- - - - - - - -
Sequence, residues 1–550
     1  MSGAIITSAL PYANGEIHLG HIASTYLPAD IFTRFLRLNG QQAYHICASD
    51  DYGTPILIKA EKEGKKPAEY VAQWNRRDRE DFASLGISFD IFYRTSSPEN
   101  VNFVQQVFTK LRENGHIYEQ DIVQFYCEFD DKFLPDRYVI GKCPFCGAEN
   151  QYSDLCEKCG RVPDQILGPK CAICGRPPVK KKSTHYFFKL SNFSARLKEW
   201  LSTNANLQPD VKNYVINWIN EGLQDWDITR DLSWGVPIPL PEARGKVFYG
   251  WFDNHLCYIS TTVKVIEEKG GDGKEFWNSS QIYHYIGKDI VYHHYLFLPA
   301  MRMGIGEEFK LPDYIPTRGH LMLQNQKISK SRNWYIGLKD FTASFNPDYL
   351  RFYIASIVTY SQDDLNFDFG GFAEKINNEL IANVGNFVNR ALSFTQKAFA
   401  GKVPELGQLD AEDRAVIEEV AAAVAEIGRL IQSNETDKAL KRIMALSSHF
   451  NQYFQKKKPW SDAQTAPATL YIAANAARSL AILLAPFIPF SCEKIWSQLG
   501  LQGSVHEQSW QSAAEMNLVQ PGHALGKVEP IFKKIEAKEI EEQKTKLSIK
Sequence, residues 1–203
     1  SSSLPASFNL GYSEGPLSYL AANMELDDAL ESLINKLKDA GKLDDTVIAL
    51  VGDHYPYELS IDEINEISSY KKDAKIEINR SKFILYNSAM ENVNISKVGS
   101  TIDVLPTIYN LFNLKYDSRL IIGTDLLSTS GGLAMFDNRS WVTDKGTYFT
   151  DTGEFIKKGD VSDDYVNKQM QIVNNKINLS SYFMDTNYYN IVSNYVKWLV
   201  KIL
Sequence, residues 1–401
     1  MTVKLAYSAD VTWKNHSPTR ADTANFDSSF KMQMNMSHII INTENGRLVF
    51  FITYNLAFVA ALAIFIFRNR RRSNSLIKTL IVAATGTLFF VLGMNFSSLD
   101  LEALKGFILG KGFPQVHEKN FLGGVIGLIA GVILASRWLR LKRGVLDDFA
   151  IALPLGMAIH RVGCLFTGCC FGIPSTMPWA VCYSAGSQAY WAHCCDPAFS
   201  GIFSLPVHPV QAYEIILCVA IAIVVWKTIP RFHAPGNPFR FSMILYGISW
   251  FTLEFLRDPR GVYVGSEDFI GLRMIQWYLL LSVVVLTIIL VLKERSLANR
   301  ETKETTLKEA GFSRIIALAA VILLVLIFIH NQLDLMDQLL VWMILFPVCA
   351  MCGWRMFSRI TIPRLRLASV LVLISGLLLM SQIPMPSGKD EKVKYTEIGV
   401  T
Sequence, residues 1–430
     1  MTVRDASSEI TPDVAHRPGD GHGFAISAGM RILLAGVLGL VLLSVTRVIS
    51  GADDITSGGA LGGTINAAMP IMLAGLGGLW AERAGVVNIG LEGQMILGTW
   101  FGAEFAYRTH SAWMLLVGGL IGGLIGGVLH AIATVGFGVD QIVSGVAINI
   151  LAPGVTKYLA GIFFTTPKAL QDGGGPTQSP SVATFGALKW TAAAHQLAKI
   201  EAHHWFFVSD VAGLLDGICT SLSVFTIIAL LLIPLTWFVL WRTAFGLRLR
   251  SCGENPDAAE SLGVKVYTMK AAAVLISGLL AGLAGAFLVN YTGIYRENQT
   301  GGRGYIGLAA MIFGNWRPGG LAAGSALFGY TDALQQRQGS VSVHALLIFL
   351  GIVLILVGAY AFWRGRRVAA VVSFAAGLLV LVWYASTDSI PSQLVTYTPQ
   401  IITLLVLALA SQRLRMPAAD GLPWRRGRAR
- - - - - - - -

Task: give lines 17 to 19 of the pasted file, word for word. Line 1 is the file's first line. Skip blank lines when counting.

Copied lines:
   151  DTGEFIKKGD VSDDYVNKQM QIVNNKINLS SYFMDTNYYN IVSNYVKWLV
   201  KIL
Sequence, residues 1–401